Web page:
Box 11 - A Challenge To Replicate A Mek Woodworks Box
Following a Reddit thread, I decided to make a box using Mek woodworks 52 boxes for inspiration. I mostly have tools for turning boxes so I chose box 11.
I started with a piece of donated cherry. A guy named Tom Carrol, who used to pitch in the majors, gave me some of his fallen tree a few years back. Here it is after I managed to get it on the lathe using a combination of mitre and hand saws. Roughed it out to a cylinder.
Finding center to go back on the lathe.
I didn't take a picture of the starting piece but it is the cylinder side by side with a very similar chunk to what I started with. Noticed I'd started marking for dimensions. I wanted to get as close to the same proportion as I could.
Making the tenons. I wasn't sure of the exact size of the box 11 I was using as a reference. I knew it contained a ring but not exact sizes. So I decided that 2.5" box height would look nice and be functional for more than a ring. I needed about 3/4" for the lid so it would be lifted slightly off the box in the finished product.
Used a mitre saw to cut the lid off.
Notice a crack! More of those were coming the more I turned. That's ok, I had an idea to fill with metal powder. Brass would look nice with the finished cherry and add some character. A crack healed to be even more solid.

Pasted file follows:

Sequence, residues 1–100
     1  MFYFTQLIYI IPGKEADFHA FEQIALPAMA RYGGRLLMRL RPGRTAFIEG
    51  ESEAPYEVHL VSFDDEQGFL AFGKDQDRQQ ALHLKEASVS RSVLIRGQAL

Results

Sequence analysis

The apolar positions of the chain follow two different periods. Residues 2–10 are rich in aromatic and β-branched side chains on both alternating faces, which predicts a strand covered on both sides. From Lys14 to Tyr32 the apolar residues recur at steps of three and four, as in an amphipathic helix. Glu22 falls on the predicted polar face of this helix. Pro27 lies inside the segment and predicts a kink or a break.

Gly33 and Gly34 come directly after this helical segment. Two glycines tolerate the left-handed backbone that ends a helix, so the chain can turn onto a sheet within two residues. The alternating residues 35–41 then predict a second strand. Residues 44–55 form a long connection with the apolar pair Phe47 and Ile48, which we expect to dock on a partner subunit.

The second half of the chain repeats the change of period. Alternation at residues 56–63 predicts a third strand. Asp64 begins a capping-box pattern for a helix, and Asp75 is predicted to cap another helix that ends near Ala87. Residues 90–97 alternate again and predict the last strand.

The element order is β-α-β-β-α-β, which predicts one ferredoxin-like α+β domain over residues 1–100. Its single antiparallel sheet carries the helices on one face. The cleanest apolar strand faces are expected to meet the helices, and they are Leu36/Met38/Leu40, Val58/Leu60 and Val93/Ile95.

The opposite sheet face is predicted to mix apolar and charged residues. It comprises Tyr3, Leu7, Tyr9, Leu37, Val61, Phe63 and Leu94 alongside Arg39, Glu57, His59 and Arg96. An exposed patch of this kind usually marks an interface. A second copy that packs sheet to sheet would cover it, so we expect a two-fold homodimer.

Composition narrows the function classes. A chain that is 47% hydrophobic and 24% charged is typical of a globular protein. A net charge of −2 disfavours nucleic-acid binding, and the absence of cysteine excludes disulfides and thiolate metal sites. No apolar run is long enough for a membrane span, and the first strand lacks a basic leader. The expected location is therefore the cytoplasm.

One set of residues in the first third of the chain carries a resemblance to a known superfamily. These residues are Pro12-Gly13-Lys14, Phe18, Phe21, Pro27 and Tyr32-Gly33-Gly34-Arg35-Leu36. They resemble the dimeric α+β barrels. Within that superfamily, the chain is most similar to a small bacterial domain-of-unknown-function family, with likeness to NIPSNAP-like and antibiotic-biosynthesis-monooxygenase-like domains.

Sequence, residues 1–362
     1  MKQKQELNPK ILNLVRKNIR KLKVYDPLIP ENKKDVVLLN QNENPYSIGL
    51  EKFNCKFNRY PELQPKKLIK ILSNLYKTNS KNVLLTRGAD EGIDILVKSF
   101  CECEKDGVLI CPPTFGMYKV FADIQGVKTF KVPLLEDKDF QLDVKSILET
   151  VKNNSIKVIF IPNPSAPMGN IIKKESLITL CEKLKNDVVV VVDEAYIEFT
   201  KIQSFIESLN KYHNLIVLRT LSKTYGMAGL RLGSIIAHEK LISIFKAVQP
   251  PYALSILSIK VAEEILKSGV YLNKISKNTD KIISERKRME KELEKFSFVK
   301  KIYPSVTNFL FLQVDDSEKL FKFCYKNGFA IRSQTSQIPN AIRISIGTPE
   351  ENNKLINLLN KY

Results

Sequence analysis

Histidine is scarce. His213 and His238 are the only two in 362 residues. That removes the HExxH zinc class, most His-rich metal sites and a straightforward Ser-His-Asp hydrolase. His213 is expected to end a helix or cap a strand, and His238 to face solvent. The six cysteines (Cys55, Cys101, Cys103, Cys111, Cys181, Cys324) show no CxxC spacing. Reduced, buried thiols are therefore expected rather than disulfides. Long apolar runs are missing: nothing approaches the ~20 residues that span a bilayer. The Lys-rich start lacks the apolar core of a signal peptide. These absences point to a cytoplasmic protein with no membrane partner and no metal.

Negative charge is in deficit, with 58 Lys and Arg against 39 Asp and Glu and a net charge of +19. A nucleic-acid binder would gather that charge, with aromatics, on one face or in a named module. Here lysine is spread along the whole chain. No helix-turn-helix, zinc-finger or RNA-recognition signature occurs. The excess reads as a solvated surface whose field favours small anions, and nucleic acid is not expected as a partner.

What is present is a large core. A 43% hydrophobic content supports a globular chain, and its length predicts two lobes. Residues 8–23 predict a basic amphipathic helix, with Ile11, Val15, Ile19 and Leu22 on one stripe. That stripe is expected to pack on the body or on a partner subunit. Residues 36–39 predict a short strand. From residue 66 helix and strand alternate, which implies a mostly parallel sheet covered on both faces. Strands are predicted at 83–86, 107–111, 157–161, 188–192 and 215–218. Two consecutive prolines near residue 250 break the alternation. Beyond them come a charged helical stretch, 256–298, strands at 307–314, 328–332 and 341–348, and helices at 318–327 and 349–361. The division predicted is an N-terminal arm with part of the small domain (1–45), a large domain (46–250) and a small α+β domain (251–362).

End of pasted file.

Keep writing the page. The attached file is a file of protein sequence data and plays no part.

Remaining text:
Also, here is where I was working on the lean angle. I read the blog for box 11 and it mentioned the angle was important. At first I had too much and it didn't look straight when standing so I modified this to have a more subtle angle and appearance of a straight vertical box with the lid on.
Used a drill to get the hollowing started then moved to a carbide square bit, and finally a scraper.
More work on the interior.
I had to be careful and very patient. Wanted the box thickness and the lip for the lid to be the correct sizes. The lid is supposed to sit higher than the box by about a 1/4" for me.
All done with the bottom part of the box now need to work on the lid.
Couldn't find a good lid picture so let's skip ahead to finishing the bottom. I used a couple of coats of Danish oil to get a nice look.
But I still needed a finial. The original had a darker brown wood but I wasn't sure what it was. Maybe cocobolo? I had some left over small pieces of snakewood that would be awesome! That's what I went with. Here it is turned to the right finial size and shape for my fingers. I sanded up to about 1500 grit, the used a friction polish. Snakewood finishes so well but have to be careful of too much heat. It cracks mercilessly.
All put together. Top looks right. The slight taper angle on the box looks right. Time to put it all together and paint...
Except I have to take that tenon off the bottom still. Nerve wracking at this point, I've come a long way. Luckily no mishaps.
Voila! The final box. I painted with general Finishes milk paint, white base layer and blue halcyon on top. Sanded with 0000 grit steel wool to give it more of a weathered appearance. You can also see the brass inlay fill. To get that, I used brass powder in the cracks with thin CA glue. Filled a few times and sanded the CA. Repeat. When done the brass is shiny and the crack filled.
Another photo. You can see that crack from knot to knot, filled with brass.
I needed a cushion for this box to stay true to the design. Found an old blue cashmere sweater that had a hole in it, and used thin cardboard and some cotton padding to make the cushion. Fit nicely.
Another shot of the box.
You can really see all the elements here.
Thanks for reading.